And on the other hand :


“A literary cocktail of the polemic, the factual and the comical, it was rumoured that Femusings sprung out of a top-secret government initiative, funded by the G20. The project was, in reality, spawned as the love-child of two university chums and launched at the end of July, 2013.

We’re seeking politically-minded sexpots for intellectual tickling and cerebral stimulation. Must have G.S.O.H, strong stomach, and an insatiable curiosity. In return, we’ll give you steamy nights of intellectual passion, hearty meals of gender-equality sustenance and some pork scratchings on the side.



I hope you enjoy them!

Male Feminists

11 Oct


Tracy Castaneda

                In the article “Feminism Needs Men, Too”, author Lauren Rankin, Feminist activist and writer, speaks about the true meaning of Feminism  refereeing to it as “a movement that is meant to eradicate gendered oppression,  and that challenges  constructed gender norms including male dominance and privilege “ her main goal is to encourage men to join the movement emphasizing that it is in fact essential to have male involvement; for Feminism does not only concern women but, men as well. Throughout time society has continued to misconstrue what a Feminist really is? Many assume that to be a Feminist means that you are a power hungry woman, who hates men and who does not shave and other highly unlikely presumptions. When in all actuality to be a Feminist means that you are looking to even out the playing field for both men and women primarily seeking…

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7 Phrases Most Feminist Despise

3 Oct

Usually what I do is rebloging, but since this case I could not, I had just copy and paste from here:

this post:

7 Phrases Most Feminists Despise

October 1, 2013 by  

i'm not a feminist but...1. You must be a lesbian.

I might be a lesbian. I might be pansexual, genderqueer, bisexual, asexual, heterosexual, etc. My sexuality doesn’t necessarily have anything to do with my political ideology. Unless I’m a political lesbian, but you wouldn’t understand.

2. So, you don’t think men and women are different at all?

Actually, I think people are different in so many ways. I think that people are nuanced, and should be judged according to their skills, talents, and actions. I don’t think you should make assumptions based on someone’s presupposed gender. And let’s be honest, I’m not very thrilled that you still only think that this world is made up of two distinct categories of people. Amiright?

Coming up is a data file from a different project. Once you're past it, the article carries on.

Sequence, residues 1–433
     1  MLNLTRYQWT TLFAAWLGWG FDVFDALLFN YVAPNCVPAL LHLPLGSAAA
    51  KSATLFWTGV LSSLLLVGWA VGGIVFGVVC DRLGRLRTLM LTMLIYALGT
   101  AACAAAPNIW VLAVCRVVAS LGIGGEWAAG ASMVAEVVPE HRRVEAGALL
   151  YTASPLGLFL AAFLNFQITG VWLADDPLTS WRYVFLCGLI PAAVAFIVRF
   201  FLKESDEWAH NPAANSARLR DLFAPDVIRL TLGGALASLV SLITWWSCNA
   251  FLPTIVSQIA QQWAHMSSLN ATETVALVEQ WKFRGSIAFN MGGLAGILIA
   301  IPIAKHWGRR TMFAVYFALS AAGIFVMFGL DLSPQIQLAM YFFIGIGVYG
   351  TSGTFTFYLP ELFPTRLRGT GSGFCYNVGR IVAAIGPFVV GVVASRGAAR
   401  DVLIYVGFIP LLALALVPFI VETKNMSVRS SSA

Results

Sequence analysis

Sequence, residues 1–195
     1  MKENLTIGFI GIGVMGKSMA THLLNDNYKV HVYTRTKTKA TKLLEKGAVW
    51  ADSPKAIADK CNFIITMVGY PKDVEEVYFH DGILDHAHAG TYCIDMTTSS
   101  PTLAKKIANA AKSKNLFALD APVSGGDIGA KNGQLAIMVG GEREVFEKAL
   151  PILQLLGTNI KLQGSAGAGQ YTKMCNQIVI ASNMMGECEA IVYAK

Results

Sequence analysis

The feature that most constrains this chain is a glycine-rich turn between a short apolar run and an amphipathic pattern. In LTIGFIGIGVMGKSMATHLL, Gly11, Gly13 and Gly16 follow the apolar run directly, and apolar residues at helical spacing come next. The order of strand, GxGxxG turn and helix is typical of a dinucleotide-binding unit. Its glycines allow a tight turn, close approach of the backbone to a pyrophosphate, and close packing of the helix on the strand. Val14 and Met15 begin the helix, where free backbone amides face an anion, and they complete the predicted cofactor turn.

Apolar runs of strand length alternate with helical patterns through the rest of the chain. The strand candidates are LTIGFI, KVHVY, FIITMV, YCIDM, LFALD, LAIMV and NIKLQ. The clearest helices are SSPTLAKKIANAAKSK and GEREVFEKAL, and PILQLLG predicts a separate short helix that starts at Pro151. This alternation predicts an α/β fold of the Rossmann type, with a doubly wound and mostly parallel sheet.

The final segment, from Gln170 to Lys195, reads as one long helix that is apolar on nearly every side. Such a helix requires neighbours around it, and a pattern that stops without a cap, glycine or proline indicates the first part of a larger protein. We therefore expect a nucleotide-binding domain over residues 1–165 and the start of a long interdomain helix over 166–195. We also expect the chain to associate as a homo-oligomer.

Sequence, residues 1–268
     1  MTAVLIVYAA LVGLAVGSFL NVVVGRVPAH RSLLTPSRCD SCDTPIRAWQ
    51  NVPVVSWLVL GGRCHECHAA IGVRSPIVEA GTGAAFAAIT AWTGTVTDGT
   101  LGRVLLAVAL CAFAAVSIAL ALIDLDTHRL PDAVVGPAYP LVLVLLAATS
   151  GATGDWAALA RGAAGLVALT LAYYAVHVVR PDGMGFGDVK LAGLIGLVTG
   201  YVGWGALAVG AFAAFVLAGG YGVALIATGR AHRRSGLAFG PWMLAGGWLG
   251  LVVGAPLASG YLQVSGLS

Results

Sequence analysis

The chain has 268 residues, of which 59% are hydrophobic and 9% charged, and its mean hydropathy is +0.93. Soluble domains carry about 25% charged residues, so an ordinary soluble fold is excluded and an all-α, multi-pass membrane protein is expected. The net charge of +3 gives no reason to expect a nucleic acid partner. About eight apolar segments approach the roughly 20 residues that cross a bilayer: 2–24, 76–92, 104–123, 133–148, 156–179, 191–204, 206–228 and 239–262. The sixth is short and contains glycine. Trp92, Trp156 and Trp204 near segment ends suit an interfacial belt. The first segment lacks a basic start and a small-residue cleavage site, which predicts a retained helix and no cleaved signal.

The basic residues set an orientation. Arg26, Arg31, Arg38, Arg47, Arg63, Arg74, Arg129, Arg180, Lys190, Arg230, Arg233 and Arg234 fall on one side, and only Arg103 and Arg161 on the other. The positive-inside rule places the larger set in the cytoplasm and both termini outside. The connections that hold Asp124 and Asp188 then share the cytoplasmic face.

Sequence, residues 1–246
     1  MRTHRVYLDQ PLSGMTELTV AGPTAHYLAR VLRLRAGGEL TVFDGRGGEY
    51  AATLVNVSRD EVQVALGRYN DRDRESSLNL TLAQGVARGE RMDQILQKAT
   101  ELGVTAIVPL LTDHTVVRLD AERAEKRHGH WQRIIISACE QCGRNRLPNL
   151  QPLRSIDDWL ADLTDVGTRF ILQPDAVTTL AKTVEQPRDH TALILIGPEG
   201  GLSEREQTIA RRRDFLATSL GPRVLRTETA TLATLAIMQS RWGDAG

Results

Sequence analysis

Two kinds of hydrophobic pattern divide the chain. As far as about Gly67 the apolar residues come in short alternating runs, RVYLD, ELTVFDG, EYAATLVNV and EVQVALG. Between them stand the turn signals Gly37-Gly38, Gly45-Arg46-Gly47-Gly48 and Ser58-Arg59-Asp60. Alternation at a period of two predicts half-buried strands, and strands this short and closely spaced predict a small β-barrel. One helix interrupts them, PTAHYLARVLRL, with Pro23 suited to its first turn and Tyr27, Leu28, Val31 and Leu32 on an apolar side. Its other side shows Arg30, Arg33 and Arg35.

3. Why do you hate men?

I don’t hate men. Some of the best people in my life identify as men. I hate a system that privileges certain men over all others, while simultaneously constraining other men for behavior that isn’t congruent with heteronormative values.

4. Any statement where the word “misandry” is used seriously.

Seriously. Just stop it.

5. What does [insert “ism” here] have to do with feminism?

Someone once asked me what disability had to do with feminism, and I felt like the Internet needed to shut down for the day. I wanted to yell at the person for being so fucking stupid, but then I remembered that some real asshats pretend to fly the Feminist Flag, and I sort of calmed down. For the record y’all,  feminism, feminism that is worth anything, is all about intersectionality. That means that feminists are concerned with sexism and: racism, heterosexism, ableism, classism, etc., etc., etc.

6. I’m not a feminist. I’m a humanist.

It would be hypocritical of me to blast you for the way you identify. I don’t care if you identify as a bisexual panda, it’s no skin off my back, but you don’t need to be a prick about it. Saying “I’m a humanist” is awesome, it usually means we’re going to be friends, but the scathing, derisive, dripping “I’m not a feminist” that precedes or follows your declaration is just unnecessary.

7. I’m kind of a feminist.

This one just hurts because we’re so close to being friends. You’re telling me this because you’re in good damn company, so embrace it. Wrap yourself up in the feminist label and get comfortable, because I’m not the person you need to placate with your qualifiers. You are a feminist, so stop pretending, and let’s go drinking and smash the patriarchy.